68 Pages Posted: 1 Jan 2003
In the Talmudic story of the Oven of Akhnai, Rabbi Eliezer - symbol of unchanging law and original intent - decides a disputed issue of law, supporting his claim with all the arguments in the world and then with miracles including a voice from the Author proclaiming his interpretation correct. Nonetheless, his interpretation is rejected.
The Akhnai story is a complicated commentary on the problems of democracy and justice, with insights into the majoritarian (and counter-majoritarian) difficulties, the status of ancient law, and the meaning of originalist interpretation. I draw out lessons for those who seek to create a single society in a world where we have deep committments to ultimate values and, often, equally deep disagreements as to their content.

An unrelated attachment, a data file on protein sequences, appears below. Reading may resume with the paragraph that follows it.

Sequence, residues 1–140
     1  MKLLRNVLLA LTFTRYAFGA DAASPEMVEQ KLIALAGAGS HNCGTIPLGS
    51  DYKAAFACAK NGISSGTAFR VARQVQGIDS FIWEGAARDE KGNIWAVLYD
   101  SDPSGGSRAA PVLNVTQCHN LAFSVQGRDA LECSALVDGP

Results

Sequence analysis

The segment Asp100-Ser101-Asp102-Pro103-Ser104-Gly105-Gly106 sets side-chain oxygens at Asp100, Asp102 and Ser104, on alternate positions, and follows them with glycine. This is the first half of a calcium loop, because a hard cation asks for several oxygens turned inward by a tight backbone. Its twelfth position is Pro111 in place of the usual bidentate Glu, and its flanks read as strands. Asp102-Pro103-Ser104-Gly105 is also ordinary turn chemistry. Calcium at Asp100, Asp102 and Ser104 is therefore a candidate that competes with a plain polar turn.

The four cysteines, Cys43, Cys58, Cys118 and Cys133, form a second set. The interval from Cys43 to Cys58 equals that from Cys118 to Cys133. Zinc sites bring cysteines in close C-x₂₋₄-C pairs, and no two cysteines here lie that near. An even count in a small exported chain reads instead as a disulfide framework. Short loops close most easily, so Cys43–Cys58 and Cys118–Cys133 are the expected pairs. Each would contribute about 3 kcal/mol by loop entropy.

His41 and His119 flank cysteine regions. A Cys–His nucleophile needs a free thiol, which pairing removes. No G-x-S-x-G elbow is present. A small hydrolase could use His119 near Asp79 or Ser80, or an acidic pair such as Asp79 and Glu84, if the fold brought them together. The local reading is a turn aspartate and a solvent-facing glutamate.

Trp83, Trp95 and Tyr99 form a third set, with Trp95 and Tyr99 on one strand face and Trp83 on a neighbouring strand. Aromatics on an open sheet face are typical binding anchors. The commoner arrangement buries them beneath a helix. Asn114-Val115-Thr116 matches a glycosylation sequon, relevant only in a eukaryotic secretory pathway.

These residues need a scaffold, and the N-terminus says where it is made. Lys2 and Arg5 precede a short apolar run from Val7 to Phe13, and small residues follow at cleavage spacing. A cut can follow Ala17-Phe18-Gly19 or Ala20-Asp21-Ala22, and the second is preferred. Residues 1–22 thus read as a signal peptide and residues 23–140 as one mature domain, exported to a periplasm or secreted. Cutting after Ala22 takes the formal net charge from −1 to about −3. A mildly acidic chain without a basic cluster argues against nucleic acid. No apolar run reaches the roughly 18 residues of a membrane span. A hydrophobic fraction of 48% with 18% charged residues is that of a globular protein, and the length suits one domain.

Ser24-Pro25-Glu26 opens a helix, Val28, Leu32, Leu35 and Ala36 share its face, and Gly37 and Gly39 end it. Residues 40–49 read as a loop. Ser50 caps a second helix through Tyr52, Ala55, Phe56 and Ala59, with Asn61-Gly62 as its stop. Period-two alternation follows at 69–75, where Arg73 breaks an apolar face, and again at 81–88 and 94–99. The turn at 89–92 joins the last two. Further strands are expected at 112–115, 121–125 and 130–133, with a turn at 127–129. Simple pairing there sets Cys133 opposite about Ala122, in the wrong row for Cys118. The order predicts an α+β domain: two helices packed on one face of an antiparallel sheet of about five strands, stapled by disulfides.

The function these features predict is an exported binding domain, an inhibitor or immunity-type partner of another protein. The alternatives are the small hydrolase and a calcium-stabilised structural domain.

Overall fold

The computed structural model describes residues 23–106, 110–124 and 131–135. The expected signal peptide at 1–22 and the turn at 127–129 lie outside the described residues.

Keywords: Akhnai, originalism, counter-majoritarian, democracy, jurisprudence, Constitutional interpretation, Jewish law
JEL Classification: H10
Suggested Citation: Suggested Citation
Greenwood, Daniel J.H., Akhnai: Legal Responsibility in the World of the Silent God. Utah Law Review, Symposium Issue - New Approaches to Comparative Law, pp. 309-358, 1997. Available at SSRN: https://ssrn.com/abstract=794784 or http://dx.doi.org/10.2139/ssrn.794784